The Sagnac Fourier Spectrometer

Basically, we are looking at a Sagnac interferometer where one of the mirrors is replaced by a transmission grating. Since the action of a transmission grating is reversible, both directions experience the same diffraction under the same angles at a given wavelength λ0. At this wavelength, the setup works like a standard Sagnac interferometer. For a single wavelength (with zero bandwidth) and the device at rest, there is a homogeneously illuminated field in the output arm (actually dark, since they are exactly 180° out of phase and therefore interfere destructively). For wavelengths off this design wavelength however, the propagation direction (k-vector) is under a small angle to the optical axis, resulting in a tilted wavefront. When these tilted wavefronts interfere in the output arm of the spectrometer, they lead to Fizeau fringes. An odd(!) number of mirrors causes the two wavefronts in the output arm to be oppositely tilted and is therefore indispensible.

The sign convention for transmission gratings is that angles on the same side of the grating normal have the same sign on both sides of the grating. Hence, in the figure above, both angles α and β are positive WLOG. For the wavelength λ0+Δλ, the spacing Δx of these fringes is:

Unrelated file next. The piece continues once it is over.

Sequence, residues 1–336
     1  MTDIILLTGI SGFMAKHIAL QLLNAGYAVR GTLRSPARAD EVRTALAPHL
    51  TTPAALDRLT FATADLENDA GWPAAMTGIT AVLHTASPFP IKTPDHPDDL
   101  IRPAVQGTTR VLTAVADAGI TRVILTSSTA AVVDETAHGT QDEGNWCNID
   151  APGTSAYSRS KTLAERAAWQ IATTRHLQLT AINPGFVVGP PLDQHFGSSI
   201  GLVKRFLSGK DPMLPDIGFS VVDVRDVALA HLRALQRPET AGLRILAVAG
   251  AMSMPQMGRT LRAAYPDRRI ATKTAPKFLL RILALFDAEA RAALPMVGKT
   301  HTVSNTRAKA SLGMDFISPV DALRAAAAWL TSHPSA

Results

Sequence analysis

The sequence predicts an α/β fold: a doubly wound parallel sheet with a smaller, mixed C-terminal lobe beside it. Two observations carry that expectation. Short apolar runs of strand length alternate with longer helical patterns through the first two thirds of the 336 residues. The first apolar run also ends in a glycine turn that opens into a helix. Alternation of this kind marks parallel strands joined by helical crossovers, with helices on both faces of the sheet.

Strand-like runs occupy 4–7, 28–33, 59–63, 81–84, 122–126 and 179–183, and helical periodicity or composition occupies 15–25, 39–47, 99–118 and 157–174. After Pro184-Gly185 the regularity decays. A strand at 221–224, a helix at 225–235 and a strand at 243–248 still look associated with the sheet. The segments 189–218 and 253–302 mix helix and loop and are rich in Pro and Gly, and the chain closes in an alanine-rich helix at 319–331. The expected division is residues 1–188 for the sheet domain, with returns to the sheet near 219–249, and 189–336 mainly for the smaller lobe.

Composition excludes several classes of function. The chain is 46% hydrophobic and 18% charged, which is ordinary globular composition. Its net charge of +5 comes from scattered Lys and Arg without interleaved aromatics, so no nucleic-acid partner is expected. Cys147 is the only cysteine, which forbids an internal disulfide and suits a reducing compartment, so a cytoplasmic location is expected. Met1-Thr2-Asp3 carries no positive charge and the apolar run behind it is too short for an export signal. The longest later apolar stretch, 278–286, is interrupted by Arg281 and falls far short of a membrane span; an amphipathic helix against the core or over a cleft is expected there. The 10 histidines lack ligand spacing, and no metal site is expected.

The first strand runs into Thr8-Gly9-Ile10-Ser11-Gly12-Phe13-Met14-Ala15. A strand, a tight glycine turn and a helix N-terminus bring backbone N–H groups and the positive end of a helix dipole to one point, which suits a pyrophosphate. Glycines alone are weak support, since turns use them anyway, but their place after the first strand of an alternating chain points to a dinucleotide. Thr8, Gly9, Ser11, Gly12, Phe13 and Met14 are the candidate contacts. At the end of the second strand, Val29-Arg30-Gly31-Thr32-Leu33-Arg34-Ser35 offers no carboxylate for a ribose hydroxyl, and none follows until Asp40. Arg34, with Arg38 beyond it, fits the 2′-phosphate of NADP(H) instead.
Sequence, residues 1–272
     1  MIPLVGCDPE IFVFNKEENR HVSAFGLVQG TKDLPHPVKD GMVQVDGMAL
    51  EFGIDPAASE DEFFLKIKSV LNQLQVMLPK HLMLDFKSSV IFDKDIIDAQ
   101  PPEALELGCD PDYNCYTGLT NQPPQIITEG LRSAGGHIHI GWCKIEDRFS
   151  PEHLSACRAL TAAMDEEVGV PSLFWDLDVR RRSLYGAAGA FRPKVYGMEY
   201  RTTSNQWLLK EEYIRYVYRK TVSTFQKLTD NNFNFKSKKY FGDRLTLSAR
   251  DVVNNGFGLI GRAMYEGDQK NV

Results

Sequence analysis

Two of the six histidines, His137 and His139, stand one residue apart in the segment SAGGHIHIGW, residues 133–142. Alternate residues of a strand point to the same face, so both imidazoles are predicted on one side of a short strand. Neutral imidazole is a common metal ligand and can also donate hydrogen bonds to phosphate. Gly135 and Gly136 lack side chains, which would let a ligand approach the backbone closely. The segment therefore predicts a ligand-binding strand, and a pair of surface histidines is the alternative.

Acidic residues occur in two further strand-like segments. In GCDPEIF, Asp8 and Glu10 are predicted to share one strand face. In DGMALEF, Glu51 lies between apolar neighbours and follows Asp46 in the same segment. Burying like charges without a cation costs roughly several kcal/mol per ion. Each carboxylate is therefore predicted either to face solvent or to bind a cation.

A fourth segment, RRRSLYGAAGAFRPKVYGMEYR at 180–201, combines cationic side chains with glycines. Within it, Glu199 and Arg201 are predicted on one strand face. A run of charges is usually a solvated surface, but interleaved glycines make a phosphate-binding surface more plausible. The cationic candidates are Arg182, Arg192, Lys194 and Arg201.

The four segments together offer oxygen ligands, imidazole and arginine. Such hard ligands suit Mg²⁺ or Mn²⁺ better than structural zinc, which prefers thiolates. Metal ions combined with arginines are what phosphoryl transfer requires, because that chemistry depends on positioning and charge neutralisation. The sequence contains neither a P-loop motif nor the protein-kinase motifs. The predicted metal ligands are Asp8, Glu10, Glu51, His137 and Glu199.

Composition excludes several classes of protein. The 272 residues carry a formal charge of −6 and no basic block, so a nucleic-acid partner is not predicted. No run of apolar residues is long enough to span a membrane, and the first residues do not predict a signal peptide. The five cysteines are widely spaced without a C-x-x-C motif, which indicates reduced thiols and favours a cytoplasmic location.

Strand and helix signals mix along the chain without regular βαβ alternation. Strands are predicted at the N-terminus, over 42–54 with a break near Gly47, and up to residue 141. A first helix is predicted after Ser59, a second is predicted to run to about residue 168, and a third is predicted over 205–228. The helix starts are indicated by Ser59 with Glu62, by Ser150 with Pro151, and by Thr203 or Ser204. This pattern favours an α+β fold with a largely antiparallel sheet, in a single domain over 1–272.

where g is the groove density of the transmission grating. The wavelength λ0+Δλ is diffracted under the angle β, the angular dispersion is Δβ/Δλ = g/cosβ. That means, the angular dispersion (and the resolving power of the instrument) increases with the angle β, obviously only limited by the clear aperture.

References:

[1]  Matthias Lenzner and Jean-Claude Diels "A Sagnac Fourier Spectrometer" Opt. Express, 25 (2017) A447-  A453

[2]  Matthias Lenzner
"Sagnac Fourier Spectrometer (SAFOS)" US Patent 10,571,442 ; issued on Feb 25, 2020